In the afternoons, Lizzie took long walks through the farmland and watched the horses graze in the stables. I bet you’ve never been on a horse before, Fiona had told her. On Sunday, with Lizzie hiding from the family in the stables, one of the horses went into labor, which was sudden and gruesome and the worst thing Lizzie had ever seen. Lizzie called out for help but there was nobody around. I have to deliver this baby horse, she told herself, and knelt down on the hay beside the pained thoroughbred, and searched for the phrase “deliver horse” on her phone. It took her a while to find anything because the cell reception was so terrible, and by the time she did the horse had died anyway. When Fiona came back and saw this she screamed, and then the rest of the family came running and everyone screamed, basically, except for Lizzie who was still on the floor looking at her cellphone and had horse blood on her jeans. That was the end of the thing with Connor.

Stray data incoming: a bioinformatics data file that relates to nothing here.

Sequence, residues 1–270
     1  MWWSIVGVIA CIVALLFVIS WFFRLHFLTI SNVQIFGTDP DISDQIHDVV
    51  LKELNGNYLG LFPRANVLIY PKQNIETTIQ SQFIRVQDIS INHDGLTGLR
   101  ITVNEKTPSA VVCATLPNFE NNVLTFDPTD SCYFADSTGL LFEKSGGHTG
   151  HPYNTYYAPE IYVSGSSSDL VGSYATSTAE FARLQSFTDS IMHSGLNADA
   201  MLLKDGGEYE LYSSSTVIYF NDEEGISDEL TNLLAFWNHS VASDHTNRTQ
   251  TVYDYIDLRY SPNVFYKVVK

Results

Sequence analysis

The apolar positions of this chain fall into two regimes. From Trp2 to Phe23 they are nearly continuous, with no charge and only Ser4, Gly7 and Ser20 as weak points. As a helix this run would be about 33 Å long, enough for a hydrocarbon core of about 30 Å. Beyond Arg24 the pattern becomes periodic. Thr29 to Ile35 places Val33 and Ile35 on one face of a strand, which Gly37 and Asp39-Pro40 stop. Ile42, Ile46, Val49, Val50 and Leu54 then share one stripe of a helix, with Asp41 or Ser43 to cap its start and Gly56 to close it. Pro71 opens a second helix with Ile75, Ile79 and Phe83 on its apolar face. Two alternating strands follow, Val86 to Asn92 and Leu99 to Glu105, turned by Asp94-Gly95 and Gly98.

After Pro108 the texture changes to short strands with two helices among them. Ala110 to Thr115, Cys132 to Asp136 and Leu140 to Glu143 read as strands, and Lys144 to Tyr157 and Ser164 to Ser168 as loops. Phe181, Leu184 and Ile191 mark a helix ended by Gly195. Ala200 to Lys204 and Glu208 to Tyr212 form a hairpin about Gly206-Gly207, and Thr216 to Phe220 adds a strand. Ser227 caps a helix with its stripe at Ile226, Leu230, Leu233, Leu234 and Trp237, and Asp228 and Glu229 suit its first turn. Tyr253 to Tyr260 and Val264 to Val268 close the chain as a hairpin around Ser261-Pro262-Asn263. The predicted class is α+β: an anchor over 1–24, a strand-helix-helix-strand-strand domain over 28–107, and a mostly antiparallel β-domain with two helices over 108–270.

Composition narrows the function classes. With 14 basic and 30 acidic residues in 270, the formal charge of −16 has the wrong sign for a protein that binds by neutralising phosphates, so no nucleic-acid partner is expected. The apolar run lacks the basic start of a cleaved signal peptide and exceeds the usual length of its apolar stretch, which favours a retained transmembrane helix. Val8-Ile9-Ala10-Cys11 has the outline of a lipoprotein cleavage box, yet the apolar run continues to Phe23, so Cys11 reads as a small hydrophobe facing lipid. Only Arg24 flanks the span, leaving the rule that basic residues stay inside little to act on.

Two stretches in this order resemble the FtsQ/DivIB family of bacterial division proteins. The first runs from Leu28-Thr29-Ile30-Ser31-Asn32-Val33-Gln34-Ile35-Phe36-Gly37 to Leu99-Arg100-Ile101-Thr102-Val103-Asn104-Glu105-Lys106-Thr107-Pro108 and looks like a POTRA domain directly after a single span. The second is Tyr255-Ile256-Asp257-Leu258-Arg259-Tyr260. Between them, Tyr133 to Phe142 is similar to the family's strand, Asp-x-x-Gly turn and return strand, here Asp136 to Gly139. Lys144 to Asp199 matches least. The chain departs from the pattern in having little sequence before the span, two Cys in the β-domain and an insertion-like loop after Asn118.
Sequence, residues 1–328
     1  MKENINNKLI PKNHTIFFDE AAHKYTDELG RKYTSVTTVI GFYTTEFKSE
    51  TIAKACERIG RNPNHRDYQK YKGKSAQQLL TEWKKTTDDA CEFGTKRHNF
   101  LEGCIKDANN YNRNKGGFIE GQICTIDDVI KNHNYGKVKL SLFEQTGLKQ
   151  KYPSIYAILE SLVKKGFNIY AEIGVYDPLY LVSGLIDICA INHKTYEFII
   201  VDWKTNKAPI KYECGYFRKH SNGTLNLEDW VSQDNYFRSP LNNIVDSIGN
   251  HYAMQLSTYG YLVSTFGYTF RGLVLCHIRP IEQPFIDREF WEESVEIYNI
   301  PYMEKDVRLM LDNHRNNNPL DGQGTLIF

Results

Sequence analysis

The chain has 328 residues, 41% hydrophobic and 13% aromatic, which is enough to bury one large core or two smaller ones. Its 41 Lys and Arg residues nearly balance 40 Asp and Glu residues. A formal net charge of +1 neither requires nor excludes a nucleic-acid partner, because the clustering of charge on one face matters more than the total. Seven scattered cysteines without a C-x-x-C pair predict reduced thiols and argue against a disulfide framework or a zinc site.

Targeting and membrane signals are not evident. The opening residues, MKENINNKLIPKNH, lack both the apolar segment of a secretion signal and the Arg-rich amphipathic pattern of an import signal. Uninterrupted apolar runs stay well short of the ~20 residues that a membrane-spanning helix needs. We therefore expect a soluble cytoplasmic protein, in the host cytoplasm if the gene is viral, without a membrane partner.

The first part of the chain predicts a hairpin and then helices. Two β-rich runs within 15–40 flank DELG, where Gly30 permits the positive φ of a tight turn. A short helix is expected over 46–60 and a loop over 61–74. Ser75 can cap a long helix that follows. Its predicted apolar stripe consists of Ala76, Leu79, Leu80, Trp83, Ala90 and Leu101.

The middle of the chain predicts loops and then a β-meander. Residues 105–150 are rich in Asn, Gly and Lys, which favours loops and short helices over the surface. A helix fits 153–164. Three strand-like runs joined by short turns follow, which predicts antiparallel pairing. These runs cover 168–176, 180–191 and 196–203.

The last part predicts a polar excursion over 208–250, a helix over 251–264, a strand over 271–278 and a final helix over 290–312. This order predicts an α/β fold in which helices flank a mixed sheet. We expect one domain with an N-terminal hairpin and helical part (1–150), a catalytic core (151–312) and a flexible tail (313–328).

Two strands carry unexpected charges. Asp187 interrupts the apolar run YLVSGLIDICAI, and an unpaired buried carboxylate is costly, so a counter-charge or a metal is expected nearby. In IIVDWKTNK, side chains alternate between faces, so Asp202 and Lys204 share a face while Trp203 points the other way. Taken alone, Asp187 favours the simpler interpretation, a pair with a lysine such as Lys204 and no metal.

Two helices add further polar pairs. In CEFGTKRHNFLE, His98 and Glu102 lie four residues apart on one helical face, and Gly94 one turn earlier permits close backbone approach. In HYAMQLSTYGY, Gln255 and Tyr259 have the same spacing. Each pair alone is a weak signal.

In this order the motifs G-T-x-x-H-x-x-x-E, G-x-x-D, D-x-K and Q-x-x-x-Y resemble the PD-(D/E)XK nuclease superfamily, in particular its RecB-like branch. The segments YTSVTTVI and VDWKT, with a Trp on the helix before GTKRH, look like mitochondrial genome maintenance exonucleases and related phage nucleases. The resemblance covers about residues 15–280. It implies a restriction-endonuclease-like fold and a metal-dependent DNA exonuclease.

Becky sat on the arm of the couch one night and told Lizzie, more firmly than gently, that she wouldn’t be able to stay much longer. Becky had flatmates, she reminded Lizzie, and at this point she was really just testing their patience and it was their flat as much as hers, etc. When are you going to go back, she asked. Lizzie didn’t know. Are you thinking of going back to your old job, she asked. Lizzie didn’t know.

“You have to do something, Lizzie, it might as well be the thing that you want to do.” Lizzie nodded. “I’m here. I’m offering to help you now. This is my actual job, Lizzie. What would you like to do, what would you be really happy doing?”

“I think…” started Lizzie, and then said the rest of the words without actually thinking about them, “I’d be good at doing something creative - maybe I would do writing, like travel writing? I could tour places, like… Argentina, or… even the UK, and talk about things like restaurants in little towns and go to Stonehenge during the solstice and that sort of thing, and write articles about the people that I meet. And maybe because I’m American that’s an advantage, because I have this outside perspective. Something like that. I think. Would people pay me to do that? I think I would be really good at that.”